Thursday, September 25, 2008

For the sin which I have committed before you...

I was on the subway on my way to work this morning wearing my headphones and listening to New Order. I was running late and not interested in distractions.

Then a man started shouting from the other end of the car. I usually ignore it, as this happens a lot. Sometimes it is a speech, other times it is singing or passing around the hat. But I was in a kind of teary mood for some reason, and so I was listening both to New Order and to the yelling man. The subway car was quietish: the commute to work is usually much quieter than at other times of day. I guess it's because most of us are still asleep.

This is roughly what the man said.

"Sorry to bother you, ladies and gentlemen. But I'm really hungry and I hope you can help me. Do you have any extra food? Some food, a few pennies. I'm sorry to do this, but I made a lot of mistakes, I really messed up in my life, and I don't have anything to eat."

Then, he said loudly, but kind of plaintively: "God, I'm sorry. I really messed up."

By the time he reached me, my eyes were pooling with tears and I had reached into my bag and handed him the container which held my lunch.

I got off the train moments later feeling a deep sense of sadness.

This year, just like every year, I will read the Al Cheit and know that I have committed at least (if not more than) 90% of those sins...the sin of pride, of speaking ill of others, of running to do something wrong, of having haughty eyes, of eating and drinking too much. And all the rest.

God, I am really sorry. I messed up.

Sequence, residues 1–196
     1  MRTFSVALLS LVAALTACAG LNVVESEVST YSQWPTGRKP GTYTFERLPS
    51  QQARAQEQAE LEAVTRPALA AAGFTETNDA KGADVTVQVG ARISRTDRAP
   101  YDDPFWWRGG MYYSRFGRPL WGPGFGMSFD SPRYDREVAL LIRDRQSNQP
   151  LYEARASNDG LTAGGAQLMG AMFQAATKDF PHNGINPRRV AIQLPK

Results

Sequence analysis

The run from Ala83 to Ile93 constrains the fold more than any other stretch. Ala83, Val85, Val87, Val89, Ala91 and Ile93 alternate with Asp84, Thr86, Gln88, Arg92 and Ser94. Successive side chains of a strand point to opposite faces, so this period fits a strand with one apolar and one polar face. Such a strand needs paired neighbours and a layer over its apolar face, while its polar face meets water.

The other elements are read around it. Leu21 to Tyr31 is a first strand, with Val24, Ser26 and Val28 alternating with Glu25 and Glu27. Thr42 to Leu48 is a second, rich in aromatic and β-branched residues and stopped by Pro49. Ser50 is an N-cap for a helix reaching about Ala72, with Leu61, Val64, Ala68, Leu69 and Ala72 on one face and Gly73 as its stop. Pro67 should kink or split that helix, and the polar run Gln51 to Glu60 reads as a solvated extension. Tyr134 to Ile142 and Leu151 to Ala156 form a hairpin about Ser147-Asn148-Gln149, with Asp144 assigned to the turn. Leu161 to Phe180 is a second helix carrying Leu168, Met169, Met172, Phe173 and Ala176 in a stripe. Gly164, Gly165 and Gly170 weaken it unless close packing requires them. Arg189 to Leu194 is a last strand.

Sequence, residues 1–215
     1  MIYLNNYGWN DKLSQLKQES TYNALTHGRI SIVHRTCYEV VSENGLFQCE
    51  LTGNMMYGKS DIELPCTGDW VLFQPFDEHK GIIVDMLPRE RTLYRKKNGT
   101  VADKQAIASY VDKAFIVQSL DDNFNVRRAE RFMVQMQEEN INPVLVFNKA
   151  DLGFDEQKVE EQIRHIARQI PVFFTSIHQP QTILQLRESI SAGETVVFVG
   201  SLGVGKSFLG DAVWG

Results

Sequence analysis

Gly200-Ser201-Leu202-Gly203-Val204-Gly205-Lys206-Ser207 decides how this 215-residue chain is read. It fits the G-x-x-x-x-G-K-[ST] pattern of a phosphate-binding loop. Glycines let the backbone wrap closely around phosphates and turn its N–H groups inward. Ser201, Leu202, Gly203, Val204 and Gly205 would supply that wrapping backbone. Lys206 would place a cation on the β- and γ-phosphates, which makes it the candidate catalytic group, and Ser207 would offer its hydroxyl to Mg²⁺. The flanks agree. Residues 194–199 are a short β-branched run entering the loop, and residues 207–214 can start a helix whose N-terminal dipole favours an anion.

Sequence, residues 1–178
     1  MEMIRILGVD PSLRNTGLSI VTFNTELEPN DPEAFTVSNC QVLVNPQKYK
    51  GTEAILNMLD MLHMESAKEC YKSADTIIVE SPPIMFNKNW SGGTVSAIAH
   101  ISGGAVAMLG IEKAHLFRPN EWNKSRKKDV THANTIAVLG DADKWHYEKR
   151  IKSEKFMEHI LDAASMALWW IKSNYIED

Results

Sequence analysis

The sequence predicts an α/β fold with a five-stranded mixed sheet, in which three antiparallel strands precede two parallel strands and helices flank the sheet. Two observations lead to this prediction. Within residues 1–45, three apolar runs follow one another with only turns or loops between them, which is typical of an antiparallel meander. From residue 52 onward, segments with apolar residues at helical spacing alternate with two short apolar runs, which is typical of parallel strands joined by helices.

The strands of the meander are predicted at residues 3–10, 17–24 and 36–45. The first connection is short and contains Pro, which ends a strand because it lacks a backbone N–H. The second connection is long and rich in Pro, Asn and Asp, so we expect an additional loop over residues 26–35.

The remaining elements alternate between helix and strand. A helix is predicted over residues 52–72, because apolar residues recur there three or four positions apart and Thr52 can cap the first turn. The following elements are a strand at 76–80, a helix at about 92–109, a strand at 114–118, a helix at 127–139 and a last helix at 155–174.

Every year, I cry on Yom Kippur. I have messed up in so many ways, I have so many people to beg for forgiveness. I have done so many rude, crude, hurtful things and I have really messed it up so many times. We all have; this is why Al Cheit is in the plural, because as a human collective (and as a Jewish people) we've done all this stuff.

But today I know that although I have a lot to say I'm sorry for and about, in all the ways I messed up, that I have a long way to go before I can make that public, heart pounding confession on Yom Kippur. I need to spend some really meaningful time (between driving matchbox cars around the living room and making applesauce as a project, and oh, working and preparing for the holidays) considering how I've missed the mark and how I'm going to work towards making it in the future.

It was easy to give away my lunch. It will be harder to do real teshuva.

Shana tova u'metukah.


Shelli said...

thanks for your beautiful, eloquent post. And thanks to Juggling Frogs for pointing us here.

I'm an administrator for a Shul in Riverdale, and see many of the same commuters on the 1 train, daily.

As an admin for a Shul, it's SO hard to focus on the TRUE work of Elul, when the Rabbi needs song sheet xeroxed now, and the board needs the latest counts of tickets sold. Thanks for reminding me.

Anonymous said...

Nice and honest post I can relate to.

Marcela said...

Your posts are so thoughtful and inspiring. Thanks!

Lemon said...

Lovely post. I think you hit the mark dead center when you gave him your lunch!It was a beautiful thing to do.

Anonymous said...

Thanks, everyone, for your warm words. Now I have to go get ready for Shabbat...may it be a sweet one for all...